As the recent breast cancer screening recommendations released by the American Cancer Society continue to raise concerns across the medical community and among patients, Main Line Health reminds women that they have the ability to take charge of their breast health by taking proactive steps toward reducing their risk factors. From following a healthy diet to using safe beauty products and researching genetic testing opportunities, there are factors that women can control.
“Most breast cancers are related to how you lead your life, and it’s important to get to and stick to a healthy weight and exercise regularly,” says Marisa Weiss, MD, breast oncologist at Lankenau Medical Center and president and founder of breastcancer.org. “What you’re eating, what you’re drinking, what you’re breathing in, medicines you’re taking, personal products you’re using—these can all affect your breast health. The good news is that many of these factors can be modified to immediately lower your risk.”
Here are some of the most common things you can do—starting today—to decrease your cancer risk:
- Eat healthy and exercise often – A healthy diet, such as a Mediterranean diet, in addition to a regular fitness routine—working out three-to four hours a week (five-to seven are even better)—are important components of a healthy lifestyle, and that includes cancer prevention.
- Stop smoking – While smoking is most often considered a risk factor for lung cancer, the truth is that smoking can be a risk factor for almost every type of cancer. If you are currently a smoker, stop. The benefits of quitting smoking begin immediately, and the sooner you quit, the lower your cancer risk.
- Limit alcohol intake – There is room for alcohol in your diet, but limit it to five or fewer drinks a week (three or fewer is even better). Equivalent drinks relative to alcohol content are: 12 oz beer, 5 oz wine, 1.5 oz hard liquor.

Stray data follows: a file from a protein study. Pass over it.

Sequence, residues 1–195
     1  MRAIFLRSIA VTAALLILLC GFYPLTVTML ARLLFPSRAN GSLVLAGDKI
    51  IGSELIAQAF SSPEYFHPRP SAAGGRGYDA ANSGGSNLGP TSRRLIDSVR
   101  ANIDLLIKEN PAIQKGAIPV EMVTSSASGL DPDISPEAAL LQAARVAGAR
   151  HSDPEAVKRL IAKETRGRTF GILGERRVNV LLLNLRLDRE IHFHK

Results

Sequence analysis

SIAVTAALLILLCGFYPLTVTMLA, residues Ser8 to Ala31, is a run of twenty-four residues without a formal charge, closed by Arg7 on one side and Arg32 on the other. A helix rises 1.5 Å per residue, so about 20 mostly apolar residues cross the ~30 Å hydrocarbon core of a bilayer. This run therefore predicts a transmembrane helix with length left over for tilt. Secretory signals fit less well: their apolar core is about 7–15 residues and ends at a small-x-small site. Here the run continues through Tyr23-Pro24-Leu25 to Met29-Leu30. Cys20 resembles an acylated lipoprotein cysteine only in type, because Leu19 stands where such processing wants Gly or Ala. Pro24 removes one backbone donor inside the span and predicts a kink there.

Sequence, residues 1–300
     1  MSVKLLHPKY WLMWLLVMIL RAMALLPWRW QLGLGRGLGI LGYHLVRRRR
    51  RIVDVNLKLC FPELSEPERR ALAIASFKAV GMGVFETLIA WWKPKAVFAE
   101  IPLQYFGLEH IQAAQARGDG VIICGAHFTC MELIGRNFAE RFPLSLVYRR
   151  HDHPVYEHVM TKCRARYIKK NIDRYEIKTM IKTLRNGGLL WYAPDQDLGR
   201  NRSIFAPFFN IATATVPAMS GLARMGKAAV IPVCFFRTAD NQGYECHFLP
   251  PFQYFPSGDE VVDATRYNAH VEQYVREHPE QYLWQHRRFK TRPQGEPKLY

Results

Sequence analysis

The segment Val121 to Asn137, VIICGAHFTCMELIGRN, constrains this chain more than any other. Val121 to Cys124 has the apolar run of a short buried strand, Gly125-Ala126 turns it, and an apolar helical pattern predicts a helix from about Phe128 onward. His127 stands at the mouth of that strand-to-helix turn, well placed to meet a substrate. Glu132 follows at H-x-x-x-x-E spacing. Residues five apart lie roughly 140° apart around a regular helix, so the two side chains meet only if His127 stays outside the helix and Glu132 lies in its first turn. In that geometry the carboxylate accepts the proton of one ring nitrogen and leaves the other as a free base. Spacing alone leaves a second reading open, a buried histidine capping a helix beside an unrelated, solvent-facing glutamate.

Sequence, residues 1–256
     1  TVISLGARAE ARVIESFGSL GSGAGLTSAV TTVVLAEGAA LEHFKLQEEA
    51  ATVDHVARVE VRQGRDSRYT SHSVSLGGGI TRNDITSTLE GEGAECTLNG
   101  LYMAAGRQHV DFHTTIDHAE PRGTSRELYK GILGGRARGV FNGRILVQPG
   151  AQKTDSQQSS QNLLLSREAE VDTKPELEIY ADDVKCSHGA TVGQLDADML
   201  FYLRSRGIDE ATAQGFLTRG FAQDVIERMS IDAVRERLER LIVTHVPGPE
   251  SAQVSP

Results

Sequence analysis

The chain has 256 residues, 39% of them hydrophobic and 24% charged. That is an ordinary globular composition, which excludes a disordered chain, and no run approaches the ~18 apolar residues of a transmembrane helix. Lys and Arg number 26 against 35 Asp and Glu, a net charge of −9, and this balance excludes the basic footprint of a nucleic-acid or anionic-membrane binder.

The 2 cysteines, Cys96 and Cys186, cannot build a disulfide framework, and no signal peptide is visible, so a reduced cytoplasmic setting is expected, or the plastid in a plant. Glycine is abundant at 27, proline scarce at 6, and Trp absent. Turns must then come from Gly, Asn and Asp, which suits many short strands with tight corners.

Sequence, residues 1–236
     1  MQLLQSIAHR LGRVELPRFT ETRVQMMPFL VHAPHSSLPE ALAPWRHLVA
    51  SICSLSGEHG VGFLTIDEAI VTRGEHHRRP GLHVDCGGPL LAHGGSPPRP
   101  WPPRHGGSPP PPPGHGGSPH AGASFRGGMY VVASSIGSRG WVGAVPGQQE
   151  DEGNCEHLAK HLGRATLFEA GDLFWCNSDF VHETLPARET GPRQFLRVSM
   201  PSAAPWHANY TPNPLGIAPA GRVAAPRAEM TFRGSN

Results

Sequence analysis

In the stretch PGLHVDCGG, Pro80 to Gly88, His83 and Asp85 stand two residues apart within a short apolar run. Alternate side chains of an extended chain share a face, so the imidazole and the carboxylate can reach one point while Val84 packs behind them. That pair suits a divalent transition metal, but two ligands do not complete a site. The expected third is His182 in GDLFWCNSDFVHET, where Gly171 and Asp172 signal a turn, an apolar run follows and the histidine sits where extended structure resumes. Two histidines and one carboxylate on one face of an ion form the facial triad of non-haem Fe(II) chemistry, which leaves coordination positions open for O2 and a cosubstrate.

- Avoid using cleaning and personal products that contain chemicals linked to cancer – research cleaning and personal care products (like makeup and shampoo) to find out if they contain chemicals that may be carcinogenic. To be safe, use personal care products in well-ventilated areas, open the window or turn on the bathroom fan when using products such as dryer sheets, fabric softeners, deodorizing sprays, all-purpose cleaners, dishwashing detergents, hand sanitizers, and lotions.
- Schedule your mammogram – Depending on your family history and other risk factors, you may need to begin screenings earlier than recommended. It’s important to talk with your physician about the appropriate time to begin regular screenings.
- Ask about genetic risk assessments – Learn about the role of genes, what to look for in your own family tree and what to do if you suspect a genetic cancer risk. Talk to your physician and learn more about genetic risk assessments.
- Think Pink, Live Green – Protect your breast health with education. Learn about risk factors in your environment, and how changing what you and your family eats, drinks, breathes and uses every day may reduce breast cancer risk. Visit livegreen.breastcancer.org to learn more.
“Following these breast healthy steps can also lower your risk of other cancers, heart disease, diabetes, stroke and osteoporosis,” adds Weiss.
Main Line Health is dedicated to improving breast health for women of all ages. We offer a comprehensive range of breast care services to meet a woman’s physical and emotional needs. Visit our website to learn more about Main Line Health's breast health services.